The Saint of the Imagination: Ignatius of Loyola – Part One


Emily Heyne // Genius of the Call

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July 31  

One source of light among all the shadows brought about by social distancing and limited activities during these strange COVID times has been a flourishing of my children’s imaginative play. My girls, ages six and three, spend much of their summer days happily engaged as animal caretakers of their little zoo of stuffed animals and farmyard figurines. Usually, I regard their play with a note of gratitude that the pandemic has coincided with a stage in their development wherein their imaginary worlds are infinitely more engaging than the actual world around them. (Engagement with the things of this world appears to be the work of my toddler, who just discovered the fascinating salt shaker. Yesterday, it was tea bags.) Through the imagination of my six-year-old and her ever-compliant younger sister, our living room has of late been transformed into elegant ballrooms fit for exotic princesses, frontier homesteads when winter is approaching and supplies are running short, the African Sahara where injured cheetahs need rescuing, Civil War battlefields in need of nurses to attend to wounded soldiers, and magnificent concert halls with accomplished pianists and prima ballerinas.

Yet on this day, the feast day of St. Ignatius of Loyola, I am reminded that the gift of imagination is more than merely child’s play; more than a convenient way to reduce the inevitable “I’m bored” whining; more, too, than a useful intellectual development that will lead to creative, innovative solutions to future adult problems. Rather, as St. Ignatius has taught me, the gift of imagination is an integral component to our life of faith and prayer. Like consciences, imaginations, too, require attention, formation, and sanctification.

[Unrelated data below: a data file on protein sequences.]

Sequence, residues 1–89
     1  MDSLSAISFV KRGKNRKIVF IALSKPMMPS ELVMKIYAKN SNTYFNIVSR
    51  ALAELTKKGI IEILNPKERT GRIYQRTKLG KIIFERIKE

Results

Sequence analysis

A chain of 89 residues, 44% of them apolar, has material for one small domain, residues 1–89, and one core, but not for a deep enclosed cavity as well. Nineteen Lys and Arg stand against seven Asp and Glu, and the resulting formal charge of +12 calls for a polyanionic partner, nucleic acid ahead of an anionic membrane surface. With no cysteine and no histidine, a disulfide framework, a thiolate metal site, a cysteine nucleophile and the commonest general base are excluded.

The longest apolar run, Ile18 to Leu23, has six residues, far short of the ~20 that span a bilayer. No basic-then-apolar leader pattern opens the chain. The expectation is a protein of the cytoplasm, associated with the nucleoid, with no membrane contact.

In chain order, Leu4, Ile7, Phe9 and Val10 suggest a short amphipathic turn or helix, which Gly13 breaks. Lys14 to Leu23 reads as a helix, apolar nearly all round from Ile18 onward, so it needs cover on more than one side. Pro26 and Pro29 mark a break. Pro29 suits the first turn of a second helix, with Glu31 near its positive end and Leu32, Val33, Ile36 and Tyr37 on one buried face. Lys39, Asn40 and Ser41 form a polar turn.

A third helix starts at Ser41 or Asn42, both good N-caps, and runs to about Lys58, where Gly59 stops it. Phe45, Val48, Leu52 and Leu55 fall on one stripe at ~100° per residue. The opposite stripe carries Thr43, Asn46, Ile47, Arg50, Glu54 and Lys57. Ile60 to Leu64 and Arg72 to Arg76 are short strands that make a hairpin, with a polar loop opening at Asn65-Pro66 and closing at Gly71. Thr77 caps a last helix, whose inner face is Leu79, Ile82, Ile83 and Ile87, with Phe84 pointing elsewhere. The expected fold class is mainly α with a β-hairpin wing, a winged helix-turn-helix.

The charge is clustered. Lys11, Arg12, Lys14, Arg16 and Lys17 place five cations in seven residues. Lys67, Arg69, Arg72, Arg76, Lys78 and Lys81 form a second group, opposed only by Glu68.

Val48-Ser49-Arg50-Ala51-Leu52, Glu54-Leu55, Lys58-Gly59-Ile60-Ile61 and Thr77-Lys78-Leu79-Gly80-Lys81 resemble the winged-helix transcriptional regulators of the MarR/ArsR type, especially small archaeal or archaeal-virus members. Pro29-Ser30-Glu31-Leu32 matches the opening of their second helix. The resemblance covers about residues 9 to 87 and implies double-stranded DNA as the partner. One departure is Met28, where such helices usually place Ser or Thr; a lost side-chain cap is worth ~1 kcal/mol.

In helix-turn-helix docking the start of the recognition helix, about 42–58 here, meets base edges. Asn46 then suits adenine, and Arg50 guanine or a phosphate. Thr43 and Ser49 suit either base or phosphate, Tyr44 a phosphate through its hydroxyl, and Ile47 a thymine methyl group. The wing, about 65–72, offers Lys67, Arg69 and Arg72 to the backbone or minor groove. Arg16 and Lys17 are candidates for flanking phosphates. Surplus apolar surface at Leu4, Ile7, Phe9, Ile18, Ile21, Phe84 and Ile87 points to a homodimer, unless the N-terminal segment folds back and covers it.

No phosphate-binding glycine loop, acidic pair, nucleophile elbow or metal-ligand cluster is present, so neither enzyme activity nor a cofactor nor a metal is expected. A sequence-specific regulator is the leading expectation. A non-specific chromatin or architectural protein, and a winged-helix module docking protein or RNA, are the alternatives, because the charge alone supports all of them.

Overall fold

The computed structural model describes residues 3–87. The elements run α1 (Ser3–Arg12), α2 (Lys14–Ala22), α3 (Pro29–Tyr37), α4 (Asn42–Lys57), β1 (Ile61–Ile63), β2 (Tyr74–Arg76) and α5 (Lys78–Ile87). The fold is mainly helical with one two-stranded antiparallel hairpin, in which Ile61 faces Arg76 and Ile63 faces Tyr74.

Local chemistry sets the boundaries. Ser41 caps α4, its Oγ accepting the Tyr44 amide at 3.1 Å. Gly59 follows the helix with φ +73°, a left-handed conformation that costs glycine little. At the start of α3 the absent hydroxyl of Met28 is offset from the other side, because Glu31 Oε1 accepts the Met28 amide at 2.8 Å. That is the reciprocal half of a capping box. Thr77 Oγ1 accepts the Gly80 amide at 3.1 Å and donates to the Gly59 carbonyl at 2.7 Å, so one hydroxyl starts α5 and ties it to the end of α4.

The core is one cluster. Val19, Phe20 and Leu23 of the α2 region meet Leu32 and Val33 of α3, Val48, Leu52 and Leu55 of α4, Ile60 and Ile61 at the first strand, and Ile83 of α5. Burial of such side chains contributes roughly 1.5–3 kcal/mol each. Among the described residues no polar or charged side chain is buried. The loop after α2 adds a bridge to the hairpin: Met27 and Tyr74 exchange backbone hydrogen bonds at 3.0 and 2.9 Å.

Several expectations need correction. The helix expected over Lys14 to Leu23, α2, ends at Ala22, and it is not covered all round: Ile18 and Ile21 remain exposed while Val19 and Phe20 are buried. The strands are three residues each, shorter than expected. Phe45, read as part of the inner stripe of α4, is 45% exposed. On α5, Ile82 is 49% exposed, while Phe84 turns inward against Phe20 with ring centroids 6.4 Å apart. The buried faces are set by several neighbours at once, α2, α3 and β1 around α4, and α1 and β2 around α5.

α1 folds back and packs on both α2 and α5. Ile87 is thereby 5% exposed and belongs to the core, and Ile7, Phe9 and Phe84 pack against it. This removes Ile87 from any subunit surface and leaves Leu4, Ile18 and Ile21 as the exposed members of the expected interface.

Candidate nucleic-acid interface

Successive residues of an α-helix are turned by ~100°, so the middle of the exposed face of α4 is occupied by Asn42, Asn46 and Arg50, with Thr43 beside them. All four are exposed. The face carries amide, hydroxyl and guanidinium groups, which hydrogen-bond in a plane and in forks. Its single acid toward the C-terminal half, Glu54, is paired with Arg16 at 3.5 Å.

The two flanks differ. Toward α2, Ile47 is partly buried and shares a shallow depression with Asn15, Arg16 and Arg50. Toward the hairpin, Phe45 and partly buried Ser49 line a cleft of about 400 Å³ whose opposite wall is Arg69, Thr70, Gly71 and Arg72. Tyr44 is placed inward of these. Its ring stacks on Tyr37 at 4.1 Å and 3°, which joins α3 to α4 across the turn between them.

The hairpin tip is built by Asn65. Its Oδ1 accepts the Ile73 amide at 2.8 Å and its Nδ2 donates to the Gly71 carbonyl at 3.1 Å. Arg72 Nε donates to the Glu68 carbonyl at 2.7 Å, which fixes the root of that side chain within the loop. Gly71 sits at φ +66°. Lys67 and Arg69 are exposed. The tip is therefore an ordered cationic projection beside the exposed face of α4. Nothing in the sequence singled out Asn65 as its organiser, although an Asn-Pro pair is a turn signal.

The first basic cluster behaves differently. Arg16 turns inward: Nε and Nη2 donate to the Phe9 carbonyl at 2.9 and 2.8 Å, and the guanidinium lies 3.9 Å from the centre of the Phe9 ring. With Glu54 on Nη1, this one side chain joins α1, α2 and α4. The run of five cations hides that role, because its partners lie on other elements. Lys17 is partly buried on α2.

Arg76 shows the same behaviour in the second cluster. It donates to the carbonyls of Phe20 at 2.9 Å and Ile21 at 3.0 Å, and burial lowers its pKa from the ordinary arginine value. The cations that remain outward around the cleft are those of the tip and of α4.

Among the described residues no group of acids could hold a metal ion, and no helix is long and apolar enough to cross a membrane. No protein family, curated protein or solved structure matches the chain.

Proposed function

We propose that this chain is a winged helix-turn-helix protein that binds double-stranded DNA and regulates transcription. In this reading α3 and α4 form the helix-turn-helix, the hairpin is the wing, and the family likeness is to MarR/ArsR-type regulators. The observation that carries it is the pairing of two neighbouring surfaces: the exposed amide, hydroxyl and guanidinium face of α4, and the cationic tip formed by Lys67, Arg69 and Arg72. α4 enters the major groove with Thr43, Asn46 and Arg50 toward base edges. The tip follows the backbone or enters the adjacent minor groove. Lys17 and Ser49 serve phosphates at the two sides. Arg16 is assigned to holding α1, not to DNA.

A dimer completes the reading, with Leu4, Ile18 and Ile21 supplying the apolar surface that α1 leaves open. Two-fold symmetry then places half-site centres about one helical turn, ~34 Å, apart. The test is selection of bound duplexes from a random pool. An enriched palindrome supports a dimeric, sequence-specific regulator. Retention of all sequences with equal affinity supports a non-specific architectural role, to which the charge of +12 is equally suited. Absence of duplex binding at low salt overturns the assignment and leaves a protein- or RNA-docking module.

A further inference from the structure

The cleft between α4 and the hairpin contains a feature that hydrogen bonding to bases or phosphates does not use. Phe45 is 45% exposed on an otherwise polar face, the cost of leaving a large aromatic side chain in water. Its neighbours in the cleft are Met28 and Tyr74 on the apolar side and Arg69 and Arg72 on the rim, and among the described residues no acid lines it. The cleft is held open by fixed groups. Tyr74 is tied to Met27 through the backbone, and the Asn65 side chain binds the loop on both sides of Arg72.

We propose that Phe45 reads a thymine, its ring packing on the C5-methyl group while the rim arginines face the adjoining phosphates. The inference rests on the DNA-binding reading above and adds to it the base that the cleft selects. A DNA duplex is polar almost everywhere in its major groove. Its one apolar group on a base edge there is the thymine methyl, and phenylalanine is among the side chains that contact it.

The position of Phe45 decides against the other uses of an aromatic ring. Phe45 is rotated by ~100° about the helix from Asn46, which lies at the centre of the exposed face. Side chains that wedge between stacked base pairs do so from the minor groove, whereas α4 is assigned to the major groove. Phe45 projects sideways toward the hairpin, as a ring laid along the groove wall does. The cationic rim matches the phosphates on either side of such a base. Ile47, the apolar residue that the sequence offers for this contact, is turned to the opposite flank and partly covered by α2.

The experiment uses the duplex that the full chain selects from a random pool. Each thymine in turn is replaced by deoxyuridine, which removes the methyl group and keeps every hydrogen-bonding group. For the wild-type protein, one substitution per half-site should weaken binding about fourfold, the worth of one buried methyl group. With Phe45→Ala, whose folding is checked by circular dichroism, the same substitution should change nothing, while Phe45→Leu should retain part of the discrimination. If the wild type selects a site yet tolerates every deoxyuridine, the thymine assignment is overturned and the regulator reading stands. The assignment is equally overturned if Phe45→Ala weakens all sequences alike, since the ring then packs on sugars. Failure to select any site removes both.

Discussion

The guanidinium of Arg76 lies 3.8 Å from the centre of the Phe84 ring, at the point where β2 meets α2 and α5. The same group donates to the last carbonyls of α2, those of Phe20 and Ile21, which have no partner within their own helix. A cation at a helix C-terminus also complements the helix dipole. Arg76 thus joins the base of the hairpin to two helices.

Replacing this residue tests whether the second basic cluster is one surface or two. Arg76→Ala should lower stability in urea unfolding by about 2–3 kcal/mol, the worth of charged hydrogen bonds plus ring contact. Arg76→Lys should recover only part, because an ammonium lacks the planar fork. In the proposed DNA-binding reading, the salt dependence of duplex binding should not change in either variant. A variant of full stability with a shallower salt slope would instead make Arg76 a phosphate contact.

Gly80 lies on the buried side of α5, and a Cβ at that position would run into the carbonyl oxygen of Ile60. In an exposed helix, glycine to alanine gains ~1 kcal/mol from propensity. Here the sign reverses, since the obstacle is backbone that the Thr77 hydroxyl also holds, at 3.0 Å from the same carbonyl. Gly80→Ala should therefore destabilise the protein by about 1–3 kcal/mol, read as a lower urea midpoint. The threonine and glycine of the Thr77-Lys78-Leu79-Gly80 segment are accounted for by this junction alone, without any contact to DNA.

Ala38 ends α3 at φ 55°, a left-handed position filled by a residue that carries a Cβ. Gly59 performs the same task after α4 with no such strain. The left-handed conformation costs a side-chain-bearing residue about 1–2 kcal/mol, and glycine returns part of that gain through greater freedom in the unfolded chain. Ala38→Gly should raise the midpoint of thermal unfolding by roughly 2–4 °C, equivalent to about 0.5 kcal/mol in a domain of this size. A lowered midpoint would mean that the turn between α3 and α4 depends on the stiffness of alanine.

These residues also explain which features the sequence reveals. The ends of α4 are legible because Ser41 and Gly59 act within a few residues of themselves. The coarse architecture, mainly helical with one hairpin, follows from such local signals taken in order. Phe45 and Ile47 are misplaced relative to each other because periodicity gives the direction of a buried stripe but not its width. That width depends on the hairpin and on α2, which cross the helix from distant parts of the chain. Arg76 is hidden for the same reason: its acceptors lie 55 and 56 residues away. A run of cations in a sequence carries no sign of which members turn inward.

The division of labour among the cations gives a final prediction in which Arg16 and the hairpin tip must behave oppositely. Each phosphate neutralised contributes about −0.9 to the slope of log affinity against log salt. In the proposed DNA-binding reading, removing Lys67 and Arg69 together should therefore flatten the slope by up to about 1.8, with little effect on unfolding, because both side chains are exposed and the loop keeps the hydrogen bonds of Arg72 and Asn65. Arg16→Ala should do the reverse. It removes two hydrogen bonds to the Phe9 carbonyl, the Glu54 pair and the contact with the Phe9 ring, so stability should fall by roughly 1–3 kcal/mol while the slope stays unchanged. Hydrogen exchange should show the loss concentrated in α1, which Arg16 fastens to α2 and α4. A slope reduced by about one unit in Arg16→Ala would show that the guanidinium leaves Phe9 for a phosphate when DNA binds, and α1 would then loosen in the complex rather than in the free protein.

Homes as Institutes of Imagination Formation

Ignatius admits that, until age twenty-six, he was “a man given to worldly vanities” and wished to gain renown as a soldier. It was then that he suffered a life-threatening wound in battle. He spent long hours during his recovery dreaming of performing grand knightly deeds in service of a lady of highest station—this is 1521, after all. Though a Christian, he did not live in conformity with the faith, and he claims his imagination was formed on “chivalrous romances.” During this convalescence, however, a re-shaping of his imagination began to take hold. The home in which he was recovering had none of those “worldly fictions” he enjoyed, only The Life of Christ and a book on the lives of the saints, The Golden Legend. So, with no other options available, he read those two volumes and thought about them deeply. Gradually, his daydreams shifted from worldly endeavors, and he found he had more joy and consolation when he dreamed of imitating the saints. As he grew stronger, he made abridged copies of the books in his own hand. When his leg healed sufficiently, he was ready to begin a new life of penance and holiness, firmly resolved to serve our Lord.

As I reflect on the circumstances of Ignatius’s conversion, I am often curious about the home in which he found himself. Ignatius relates few details aside from their small library. In a world where books were scarce and costly, the two books chosen for their home spoke of Christ and Christians. Would a guest in my own home find similar inspiration among my overflowing shelves and DisneyPlus subscription? More importantly, are my own children’s imaginations inspired by romantic notions of worldly success, or will their imaginations be formed foremost by Scripture and the lives of the saints? When they approach adulthood and face questions of vocation, what will their dreams consist ofservice to the princes of this world or to the Prince of Peace? As mothers, we are in the powerful position to form the stuff dreams are made of.

Pray for us, St. Ignatius, and help to create homes where holy dreams flourish.

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